“I didn’t have an aspiration as such. What I did have was an ability to put one foot in front of the other and to do something. I recognised that I am not the sum of my upbringing.”
Madison de Rozario, Paralympian
Athlete and paralympic champion Madison de Rozario speaks about the responsibility she carries as role model, especially when she has the privilege of a platform to create change.
“It excites me and it stresses me out. It definitely is a responsibility that I take very very seriously. I remember growing up and not having many role models that looked like me and I remember seeing Louise Sauvage as the only person that looked like me. I’m very aware that there still isn’t that many, so I understand the impact you can have when that spotlight isn’t shared as evenly as it should be.”
Lisa Annese, CEO of the Diversity Council of Australia
Lisa Annese lives and breathes diversity and inclusion and in her episode, reminds us all why it’s important, and what comes with being a person always agitating for better outcomes.
“You are always up against it because you are always agitating for change. So you’ve got to be comfortable being a little bit difficult. That’s me. It doesn’t necessarily make me popular but it’s effective to work in this space.”
Leigh Sales and Annabel Crabb
Journalists and friends Leigh Sales and Annabel Crabb made us all laugh this season, reminding us why we should work with people we respect and trust, and also people who can make us laugh.
“The joy of having somebody with a sense of humour that you work with. That honestly is like the mental health super pellet. I know how stressful Leigh’s job is but I always know it can just take one funny gag for her to feel in the moment, loosen up. If you have the power in a situation to have a laugh, it says a lot about your sense of control over the situation and faith in your own competence.”
Daisy and Lucy Turnbull
Mother-daughter duo Lucy and Daisy Turnbull spoke about their careers, the ‘mental load’, the importance of building confidence in young girls and women, and why we need to combat gender deafness at home and at work.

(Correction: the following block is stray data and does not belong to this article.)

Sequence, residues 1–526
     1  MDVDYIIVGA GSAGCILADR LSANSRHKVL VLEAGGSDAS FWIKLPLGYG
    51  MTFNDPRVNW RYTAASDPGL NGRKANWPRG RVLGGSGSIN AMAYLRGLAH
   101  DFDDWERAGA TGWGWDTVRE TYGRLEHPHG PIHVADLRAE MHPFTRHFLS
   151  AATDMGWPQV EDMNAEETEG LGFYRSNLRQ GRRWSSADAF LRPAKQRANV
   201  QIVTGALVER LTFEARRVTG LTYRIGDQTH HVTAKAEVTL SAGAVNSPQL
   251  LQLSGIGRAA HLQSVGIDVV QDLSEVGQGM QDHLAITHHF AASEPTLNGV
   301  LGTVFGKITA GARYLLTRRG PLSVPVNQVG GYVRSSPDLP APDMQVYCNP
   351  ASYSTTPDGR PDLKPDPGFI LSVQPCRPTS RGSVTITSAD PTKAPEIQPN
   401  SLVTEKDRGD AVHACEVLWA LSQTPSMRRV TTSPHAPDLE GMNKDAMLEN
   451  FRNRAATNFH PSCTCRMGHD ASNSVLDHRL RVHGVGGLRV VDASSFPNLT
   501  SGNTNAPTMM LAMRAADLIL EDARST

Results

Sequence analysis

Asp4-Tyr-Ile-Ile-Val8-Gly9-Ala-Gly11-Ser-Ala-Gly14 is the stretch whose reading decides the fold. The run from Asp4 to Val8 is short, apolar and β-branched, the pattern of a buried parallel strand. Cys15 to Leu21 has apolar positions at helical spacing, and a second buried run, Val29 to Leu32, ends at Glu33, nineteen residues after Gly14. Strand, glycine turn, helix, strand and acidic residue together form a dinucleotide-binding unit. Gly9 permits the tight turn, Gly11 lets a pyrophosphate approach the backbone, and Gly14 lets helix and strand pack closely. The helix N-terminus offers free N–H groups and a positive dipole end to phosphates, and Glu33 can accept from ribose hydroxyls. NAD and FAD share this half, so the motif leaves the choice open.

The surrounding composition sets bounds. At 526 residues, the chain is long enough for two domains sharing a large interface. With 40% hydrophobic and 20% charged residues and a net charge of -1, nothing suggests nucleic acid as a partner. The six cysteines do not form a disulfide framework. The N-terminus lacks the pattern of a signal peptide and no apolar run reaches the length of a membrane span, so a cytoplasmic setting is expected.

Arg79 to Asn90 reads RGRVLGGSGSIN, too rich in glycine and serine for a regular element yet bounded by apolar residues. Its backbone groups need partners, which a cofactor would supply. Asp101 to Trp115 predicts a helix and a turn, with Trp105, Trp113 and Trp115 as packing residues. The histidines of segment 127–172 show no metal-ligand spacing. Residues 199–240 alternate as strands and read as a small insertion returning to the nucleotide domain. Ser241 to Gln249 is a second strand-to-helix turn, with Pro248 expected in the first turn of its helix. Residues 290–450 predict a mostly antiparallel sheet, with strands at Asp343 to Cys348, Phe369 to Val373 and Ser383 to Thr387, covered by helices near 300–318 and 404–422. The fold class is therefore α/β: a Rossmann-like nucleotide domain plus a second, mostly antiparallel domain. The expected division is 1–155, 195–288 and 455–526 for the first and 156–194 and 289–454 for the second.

“We need to get women and girls confident in their own abilities and their own innate skills so that when they are going for jobs they are selling themselves as best they can. It’s a lot around self-talk and positive self-talk and for young girls, especially teenagers, it does become an issue of being rightly proud of your own achievements versus bragging. Girls don’t want to accidently fall into the trap of bragging,” Daisy said.
“I think gender deafness is a real issue but I think whenever there’s more than one woman at the table – and this can apply at the dinner table, too – when a woman says ‘let’s talk about this’, the men often don’t listen and then bring the same problem up… and the other men say ‘that’s really good’. I think the other woman who listens to the woman make the point initially, has to be given credit by the other woman,” Lucy said.
Satu Vänskä, Principal Violinist of the Australian Chamber Orchestra
Having lived in different parts of the world speaking four languages, Satu Vänskä brought us a reminder about our own duty to be open minded and aware of our role in these rapidly evolving times.
“In the music field, I’m very conscious of the danger of stagnation. Artistically, diversifying your talents and seeing how you fit into the 21st century as a so-called classical violinist, we all have to ask ourselves ‘what’s my place in this’? ‘How am I making it so that it’s accessible for newer audiences’? And there comes the word diversity again. We have to diversify our talents and our skills.”
You can listen to this episode of The Leadership Lessons, a podcast made possible thanks to the support of Salesforce, now.